Robinson Jeffers' depiction of the Central California Coast as a place populated by Anglo-American ranchers and laborers who were likely descendants of Mission Indians sounds probable enough, but this red-brown and white human landscape lacks the yellow tone of the people of the coast. The narrative poem Tamar is a conspicuous example and case in point.
Tamar takes place on an Anglo-American ranch at Point Lobos. The narrative lacks detail regarding the actual business of the ranch. A quick review of the history of Point Lobos reveals that Point Lobos was nothing like Jeffers' depiction of the Point ca. 1917. It was, rather, a modern, industrial, and largely Japanese place from about 1900 to well after the time when Jeffers completed Tamar. The canning enterprise had, in fact, enjoyed a boom during the Great War. Tamar was a story that took place during the Great War, yet the story has nothing to say about abalone or Japanese divers.
In 1897, about 17 years before Robinson and Una Jeffers first arrived in Carmel, a Japanese marine biologist named Gennosuke Kodani arrived at Point Lobos and began to harvest abalone. By 1900, Kodani had hired Japanese abalone divers onto his operation, and began using modern deep-diving equipment in the harvest. At about this time, an Anglo-American named A. M. Allan purchased Point Lobos and went into business with Kodani. Allan and Kodani built a cannery there that operated from 1902 to 1928, and accounted for 3/4 of California's abalone production. This modern operation was on Whalers Cover which, also marked by a scar from a granite quarry, was well within sight of Carmel Point, where Robinson Jeffers moved in 1919. When Jeffers published Tamar in 1924, the cannery was very much in operation.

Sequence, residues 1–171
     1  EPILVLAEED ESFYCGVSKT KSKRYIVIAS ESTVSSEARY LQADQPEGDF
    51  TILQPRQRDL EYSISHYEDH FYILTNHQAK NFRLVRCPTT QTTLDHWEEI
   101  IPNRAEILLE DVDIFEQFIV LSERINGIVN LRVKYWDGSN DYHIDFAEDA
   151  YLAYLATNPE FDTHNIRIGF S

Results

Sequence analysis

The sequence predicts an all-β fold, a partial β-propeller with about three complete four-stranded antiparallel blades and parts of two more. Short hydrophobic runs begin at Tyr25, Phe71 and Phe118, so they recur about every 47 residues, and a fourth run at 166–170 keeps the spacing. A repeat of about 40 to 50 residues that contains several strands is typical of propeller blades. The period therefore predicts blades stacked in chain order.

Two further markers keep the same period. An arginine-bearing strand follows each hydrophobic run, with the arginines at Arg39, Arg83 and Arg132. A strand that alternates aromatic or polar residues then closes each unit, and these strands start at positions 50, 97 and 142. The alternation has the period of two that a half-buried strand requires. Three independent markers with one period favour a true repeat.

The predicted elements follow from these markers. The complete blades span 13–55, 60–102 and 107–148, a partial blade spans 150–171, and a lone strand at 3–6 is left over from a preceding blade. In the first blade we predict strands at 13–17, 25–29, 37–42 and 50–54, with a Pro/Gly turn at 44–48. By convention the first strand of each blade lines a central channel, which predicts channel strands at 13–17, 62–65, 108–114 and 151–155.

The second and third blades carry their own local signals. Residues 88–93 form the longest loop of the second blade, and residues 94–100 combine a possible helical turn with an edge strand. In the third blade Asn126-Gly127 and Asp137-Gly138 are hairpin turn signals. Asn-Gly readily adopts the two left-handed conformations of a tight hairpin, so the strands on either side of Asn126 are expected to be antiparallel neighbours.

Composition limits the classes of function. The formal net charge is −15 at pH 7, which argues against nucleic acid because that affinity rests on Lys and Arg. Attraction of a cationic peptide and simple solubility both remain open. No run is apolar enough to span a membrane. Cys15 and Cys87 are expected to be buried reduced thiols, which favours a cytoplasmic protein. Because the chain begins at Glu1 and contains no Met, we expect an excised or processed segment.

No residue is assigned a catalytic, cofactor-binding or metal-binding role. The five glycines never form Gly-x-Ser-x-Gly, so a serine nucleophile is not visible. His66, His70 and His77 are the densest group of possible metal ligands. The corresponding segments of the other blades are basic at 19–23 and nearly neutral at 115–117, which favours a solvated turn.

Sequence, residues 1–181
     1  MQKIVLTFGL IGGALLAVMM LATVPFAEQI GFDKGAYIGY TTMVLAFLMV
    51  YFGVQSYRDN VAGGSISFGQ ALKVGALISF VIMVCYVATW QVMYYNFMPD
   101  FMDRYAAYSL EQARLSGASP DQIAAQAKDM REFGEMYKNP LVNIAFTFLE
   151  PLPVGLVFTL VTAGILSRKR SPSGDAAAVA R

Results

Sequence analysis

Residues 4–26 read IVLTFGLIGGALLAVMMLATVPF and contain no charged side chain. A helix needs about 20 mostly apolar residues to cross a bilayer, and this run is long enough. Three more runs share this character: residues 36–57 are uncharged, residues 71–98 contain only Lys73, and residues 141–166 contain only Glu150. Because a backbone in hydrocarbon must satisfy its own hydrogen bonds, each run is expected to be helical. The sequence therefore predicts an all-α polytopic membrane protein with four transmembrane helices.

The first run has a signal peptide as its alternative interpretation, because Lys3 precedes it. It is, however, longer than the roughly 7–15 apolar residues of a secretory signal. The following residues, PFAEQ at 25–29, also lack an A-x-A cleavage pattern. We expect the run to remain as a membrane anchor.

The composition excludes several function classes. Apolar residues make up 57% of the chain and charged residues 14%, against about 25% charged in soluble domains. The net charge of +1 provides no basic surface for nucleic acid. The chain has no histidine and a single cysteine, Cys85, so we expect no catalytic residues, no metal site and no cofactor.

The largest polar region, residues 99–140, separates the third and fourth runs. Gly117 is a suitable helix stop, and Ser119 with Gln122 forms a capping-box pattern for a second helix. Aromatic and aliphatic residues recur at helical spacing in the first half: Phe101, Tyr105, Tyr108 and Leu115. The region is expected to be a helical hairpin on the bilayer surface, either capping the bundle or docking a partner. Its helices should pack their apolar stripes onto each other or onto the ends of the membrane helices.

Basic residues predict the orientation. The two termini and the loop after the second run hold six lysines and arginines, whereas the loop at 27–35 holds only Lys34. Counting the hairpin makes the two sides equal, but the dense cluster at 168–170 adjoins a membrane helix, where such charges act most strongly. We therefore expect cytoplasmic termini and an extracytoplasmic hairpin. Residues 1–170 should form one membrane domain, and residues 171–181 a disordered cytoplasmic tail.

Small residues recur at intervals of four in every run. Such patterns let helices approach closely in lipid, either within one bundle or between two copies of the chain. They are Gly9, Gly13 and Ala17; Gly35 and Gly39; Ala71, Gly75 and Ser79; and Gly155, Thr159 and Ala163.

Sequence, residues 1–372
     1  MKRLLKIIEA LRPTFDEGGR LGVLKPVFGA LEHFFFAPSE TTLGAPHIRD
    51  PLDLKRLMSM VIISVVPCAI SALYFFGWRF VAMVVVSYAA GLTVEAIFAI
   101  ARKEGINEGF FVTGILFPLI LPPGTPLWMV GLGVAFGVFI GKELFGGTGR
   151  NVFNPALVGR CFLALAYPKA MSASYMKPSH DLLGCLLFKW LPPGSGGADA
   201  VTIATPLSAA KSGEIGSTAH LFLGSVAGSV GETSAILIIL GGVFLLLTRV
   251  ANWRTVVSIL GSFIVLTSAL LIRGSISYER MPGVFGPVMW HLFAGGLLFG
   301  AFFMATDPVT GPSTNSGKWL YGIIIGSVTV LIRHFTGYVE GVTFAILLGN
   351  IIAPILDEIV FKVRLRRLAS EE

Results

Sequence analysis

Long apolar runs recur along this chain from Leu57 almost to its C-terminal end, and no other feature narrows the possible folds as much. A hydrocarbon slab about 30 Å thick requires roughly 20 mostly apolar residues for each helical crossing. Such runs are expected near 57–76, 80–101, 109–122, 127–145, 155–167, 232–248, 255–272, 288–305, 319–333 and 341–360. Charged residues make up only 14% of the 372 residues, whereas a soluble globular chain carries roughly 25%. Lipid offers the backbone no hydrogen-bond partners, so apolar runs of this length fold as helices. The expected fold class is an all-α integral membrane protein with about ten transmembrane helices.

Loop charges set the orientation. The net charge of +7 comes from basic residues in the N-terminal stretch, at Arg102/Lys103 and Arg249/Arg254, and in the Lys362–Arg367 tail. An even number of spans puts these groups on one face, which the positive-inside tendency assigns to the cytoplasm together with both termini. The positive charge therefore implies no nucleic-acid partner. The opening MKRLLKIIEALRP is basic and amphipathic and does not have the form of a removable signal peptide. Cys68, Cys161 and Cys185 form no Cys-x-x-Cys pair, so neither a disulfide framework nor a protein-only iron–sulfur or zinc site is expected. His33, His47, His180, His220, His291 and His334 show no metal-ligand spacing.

Likewise, when Jeffers published Boats in a Fog in 1925, the cannery was shipping canned abalone out from Carmel Bay, yet Jeffers never wrote about the Japanese divers and their rich harvest of abalone, though in 1926 Jeffers published words that described how the soil around his home was "thick" with abalone shells. He acknowledged that Indians had harvested abalone at Carmel Point, and he lionized the white ranchers of the region, and even more the fishermen. He even wrote a good word or two for the Indians, yet nothing for the Japanese abalone divers of Point Lobos. Rather, he positively whitewashed Point Lobos, excepting of course his treatment of local Indians as disembodied rapists.
This whitewashing seems especially odd when one considers the oriental beauty of the cypresses native to Point Lobos. Did not the Japanese divers, themselves natives of our Pacific Rim, deserve to call this place home, and in their hazardous occupation deserve to be treated as part of the beauty of the coast?